Another manor connected to an abbey required the tenant bring “firewood, dish, mug, and napkin but the lord provided bread, broth, and beer and two kinds of meat.” And in a real treat, “the villeins were entitled to sit drinking after dinner in the manor hall” (Gies).

Other parts of the medieval Christmas celebrations were just as interesting as the food. If you’d like a really quick and fun read, I recommend a British website, part of a teachers’ groups of pages: http://www.historylearningsite.co.uk/medieval_xmas.htm.

And if you want to try frumenty or learn to make sugarplums or check out other medieval recipes, try http://www.godecookery.com/mtrans/mtrans15.htm.

BTW. I remember my great-grandmother making her own mincemeat and we always had real mincemeat pie for Christmas at her house (on the farm). I was really young, but I remember being revolted when my mom told me the pie really had meat in it. I thought that was so gross.

Does your family observe a tradition that can be traced to “early days?”

Sources: “Medieval Christmas.” History Learning Site. http://www.historylearningsite.co.uk/medieval_xmas.htm

Gies, Frances and Joseph. Daily Life in Medieval Times. New York: Barnes and Noble, (originally pubished by Harper Collins), 1990. 106-107.

Cosman, Dr.Madeleine Pelner. Medieval Holidays and Festivals: A Calendar of Celebrations. New York: Charles Scribner & Sons, 1981. 95-96.

MEDIEVAL MONDAY: MARY MORGAN’S NEWEST RELEASE BOUND TO BE ANOTHER FAVORITE

What a day –celebrating Medieval Monday And featuring my dear friend Mary Morgan with her new book, released last Monday. Wishes Under A Highland Star is another entry in her popular award-winner series, Order of the Dragon Knights. Welcome, Mary, and congratulations on the fantastic reviews this book is scoring. I’m reading it now–and loving it!! (P.S. Everyone–Watch the fabulous trailer for the book below.)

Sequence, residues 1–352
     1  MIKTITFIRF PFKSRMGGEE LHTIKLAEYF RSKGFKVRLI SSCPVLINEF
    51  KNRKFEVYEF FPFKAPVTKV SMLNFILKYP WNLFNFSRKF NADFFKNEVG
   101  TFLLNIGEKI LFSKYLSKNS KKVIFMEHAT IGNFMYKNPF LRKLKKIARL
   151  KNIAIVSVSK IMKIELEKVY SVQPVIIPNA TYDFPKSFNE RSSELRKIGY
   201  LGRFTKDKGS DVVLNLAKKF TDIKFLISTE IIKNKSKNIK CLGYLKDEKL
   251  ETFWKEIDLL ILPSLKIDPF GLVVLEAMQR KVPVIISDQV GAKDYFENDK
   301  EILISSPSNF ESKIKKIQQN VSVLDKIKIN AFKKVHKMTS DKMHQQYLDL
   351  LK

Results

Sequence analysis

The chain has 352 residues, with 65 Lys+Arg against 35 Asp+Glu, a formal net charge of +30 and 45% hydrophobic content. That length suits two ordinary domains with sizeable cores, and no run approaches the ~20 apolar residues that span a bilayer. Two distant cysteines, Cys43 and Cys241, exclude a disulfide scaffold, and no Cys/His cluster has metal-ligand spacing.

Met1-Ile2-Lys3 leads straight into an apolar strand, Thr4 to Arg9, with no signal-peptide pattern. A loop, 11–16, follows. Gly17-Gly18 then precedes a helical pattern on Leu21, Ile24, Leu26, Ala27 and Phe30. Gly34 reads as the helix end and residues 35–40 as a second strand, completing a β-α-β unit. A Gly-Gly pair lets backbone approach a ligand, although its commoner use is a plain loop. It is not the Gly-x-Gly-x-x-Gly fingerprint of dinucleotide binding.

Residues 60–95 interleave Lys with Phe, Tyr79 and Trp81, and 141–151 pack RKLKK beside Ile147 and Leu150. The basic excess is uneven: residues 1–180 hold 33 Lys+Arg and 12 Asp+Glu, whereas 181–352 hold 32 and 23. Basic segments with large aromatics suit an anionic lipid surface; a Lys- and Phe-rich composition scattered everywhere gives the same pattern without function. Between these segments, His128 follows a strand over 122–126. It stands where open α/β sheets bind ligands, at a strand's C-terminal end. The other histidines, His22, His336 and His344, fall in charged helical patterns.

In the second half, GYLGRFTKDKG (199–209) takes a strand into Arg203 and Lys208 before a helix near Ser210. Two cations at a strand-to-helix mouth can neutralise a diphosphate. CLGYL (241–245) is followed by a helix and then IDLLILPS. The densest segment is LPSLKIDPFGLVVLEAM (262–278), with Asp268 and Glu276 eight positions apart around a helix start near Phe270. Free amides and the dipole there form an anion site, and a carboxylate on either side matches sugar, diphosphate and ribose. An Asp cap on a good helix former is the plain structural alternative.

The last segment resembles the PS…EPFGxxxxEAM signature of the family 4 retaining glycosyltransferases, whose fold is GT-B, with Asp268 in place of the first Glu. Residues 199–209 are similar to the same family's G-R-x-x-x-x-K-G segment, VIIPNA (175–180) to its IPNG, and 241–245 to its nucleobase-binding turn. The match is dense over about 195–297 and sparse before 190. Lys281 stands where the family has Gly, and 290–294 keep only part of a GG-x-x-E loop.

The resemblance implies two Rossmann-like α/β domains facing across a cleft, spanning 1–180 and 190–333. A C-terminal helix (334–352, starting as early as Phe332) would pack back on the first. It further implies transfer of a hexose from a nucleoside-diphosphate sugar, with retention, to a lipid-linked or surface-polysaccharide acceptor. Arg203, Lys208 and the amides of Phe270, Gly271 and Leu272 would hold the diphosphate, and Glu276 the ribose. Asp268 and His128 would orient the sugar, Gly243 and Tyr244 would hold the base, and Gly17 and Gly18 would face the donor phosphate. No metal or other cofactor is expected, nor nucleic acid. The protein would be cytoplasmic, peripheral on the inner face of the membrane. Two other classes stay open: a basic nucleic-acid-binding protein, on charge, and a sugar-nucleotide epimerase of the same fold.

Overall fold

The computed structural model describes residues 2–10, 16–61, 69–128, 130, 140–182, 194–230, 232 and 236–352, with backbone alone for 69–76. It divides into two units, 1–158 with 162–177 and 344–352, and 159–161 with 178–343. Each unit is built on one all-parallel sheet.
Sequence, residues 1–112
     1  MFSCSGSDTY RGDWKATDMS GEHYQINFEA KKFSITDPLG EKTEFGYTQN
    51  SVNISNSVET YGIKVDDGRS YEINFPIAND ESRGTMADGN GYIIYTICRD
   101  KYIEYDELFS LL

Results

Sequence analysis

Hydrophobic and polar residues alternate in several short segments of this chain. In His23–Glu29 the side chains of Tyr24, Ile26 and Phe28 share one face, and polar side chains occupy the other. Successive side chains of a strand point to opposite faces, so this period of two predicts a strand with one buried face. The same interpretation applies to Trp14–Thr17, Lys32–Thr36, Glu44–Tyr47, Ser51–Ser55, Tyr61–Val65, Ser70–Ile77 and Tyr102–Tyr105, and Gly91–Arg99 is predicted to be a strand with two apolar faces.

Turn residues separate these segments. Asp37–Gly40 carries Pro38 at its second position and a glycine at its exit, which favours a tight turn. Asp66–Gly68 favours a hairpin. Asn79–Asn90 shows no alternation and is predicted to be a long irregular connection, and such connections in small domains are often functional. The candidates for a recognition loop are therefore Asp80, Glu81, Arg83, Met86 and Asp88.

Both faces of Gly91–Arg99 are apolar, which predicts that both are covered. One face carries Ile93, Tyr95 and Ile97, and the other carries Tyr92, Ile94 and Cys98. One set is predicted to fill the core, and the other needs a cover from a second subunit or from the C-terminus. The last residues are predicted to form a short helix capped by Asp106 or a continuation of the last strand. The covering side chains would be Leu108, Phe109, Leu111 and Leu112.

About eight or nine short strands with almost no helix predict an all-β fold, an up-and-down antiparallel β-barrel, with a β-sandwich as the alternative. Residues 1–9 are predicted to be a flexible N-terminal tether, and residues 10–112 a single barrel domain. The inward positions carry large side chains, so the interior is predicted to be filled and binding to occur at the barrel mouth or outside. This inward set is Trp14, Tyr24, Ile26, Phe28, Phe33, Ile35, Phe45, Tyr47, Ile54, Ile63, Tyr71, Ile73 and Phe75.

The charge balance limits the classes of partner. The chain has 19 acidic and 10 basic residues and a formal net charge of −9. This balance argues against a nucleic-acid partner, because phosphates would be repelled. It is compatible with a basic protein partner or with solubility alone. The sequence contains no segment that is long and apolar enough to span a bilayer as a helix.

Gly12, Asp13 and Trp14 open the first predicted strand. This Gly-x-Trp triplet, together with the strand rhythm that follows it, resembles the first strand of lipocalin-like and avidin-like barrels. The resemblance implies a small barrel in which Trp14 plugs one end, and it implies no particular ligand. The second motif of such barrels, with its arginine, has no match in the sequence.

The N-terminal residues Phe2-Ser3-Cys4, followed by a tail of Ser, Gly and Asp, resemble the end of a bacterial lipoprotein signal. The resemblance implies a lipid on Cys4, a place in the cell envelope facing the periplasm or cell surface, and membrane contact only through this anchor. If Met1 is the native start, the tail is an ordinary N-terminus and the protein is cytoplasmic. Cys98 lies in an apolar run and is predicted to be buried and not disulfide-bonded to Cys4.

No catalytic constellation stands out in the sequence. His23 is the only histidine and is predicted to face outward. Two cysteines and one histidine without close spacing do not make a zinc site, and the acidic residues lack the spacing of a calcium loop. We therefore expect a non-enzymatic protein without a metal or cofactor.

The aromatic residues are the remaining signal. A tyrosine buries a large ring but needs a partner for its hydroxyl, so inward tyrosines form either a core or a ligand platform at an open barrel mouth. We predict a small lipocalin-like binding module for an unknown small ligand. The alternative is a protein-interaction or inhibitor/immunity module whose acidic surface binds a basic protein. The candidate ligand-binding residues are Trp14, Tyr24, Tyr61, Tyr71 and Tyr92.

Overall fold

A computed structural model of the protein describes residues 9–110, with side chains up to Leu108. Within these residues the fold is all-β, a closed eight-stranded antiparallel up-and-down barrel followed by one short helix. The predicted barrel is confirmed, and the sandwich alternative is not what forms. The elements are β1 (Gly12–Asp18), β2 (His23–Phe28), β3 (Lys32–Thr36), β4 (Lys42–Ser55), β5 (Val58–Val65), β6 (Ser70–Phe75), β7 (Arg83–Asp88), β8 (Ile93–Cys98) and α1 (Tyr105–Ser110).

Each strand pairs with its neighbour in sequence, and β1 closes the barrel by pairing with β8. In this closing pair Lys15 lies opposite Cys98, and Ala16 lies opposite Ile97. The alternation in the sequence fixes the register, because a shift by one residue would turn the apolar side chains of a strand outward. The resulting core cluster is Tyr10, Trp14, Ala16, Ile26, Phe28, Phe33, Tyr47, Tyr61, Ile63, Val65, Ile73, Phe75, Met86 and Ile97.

Happy Medieval Monday, Barbara! I’m delighted to be a guest on your lovely blog today! I’d like to share a wee bit about my new Scottish romance story, specifically two special characters.

Animals are dear to my heart and my reason to include them as secondary characters within all my stories. They offer a unique, often comical, element to any scene. I can’t imagine not having any fur or feathered friend in one of my books.

In Wishes, there are two special characters who brought another dimension to the story. One is an owl called Mab, and the other is Etain, an aging wolfhound. They both made me chuckle on several occasions. Yet Etain stole my heart. This wolfhound silently wove her way into the first scene with Aine Fraser. In truth, I believe she took complete control and ruled it over Aine. As the author of this story, I merely followed along. I couldn’t argue with the majestic animal.

Let me give you a glimpse into a scene with Aine, Etain, and Mab from Wishes Under a Highland Star

“Do ye trust me?” whispered Aine, treading carefully across the moss-laden path between the pines. Dead leaves and twigs crunched under her booted feet as she peered ahead at her destination. Moonlight dusted the path in front of them, giving her hope they were drawing near.

The wolfhound padded around in front of her and slipped away under a heaving branch.

“’Tis not the way I wish to travel,” she bit out into the chilled night air.

Halting her steps, Aine drew her cloak more firmly over her head. She dared not shout at the animal for fear the dog would wander on without her. I should not have brought ye with me.

She knelt on one knee and pounded the moist ground with her fist. Waiting a few more heartbeats, Aine grew impatient.

When the dog refused to emerge, she blew the words outward. “Return to me, Etain. I will not ask ye again,” she warned.

An owl hooted from above her. Aine grimaced at the intruder and slowly rose to standing. “Are ye saying I should do her bidding, Mab? Does she seek the same place as I?”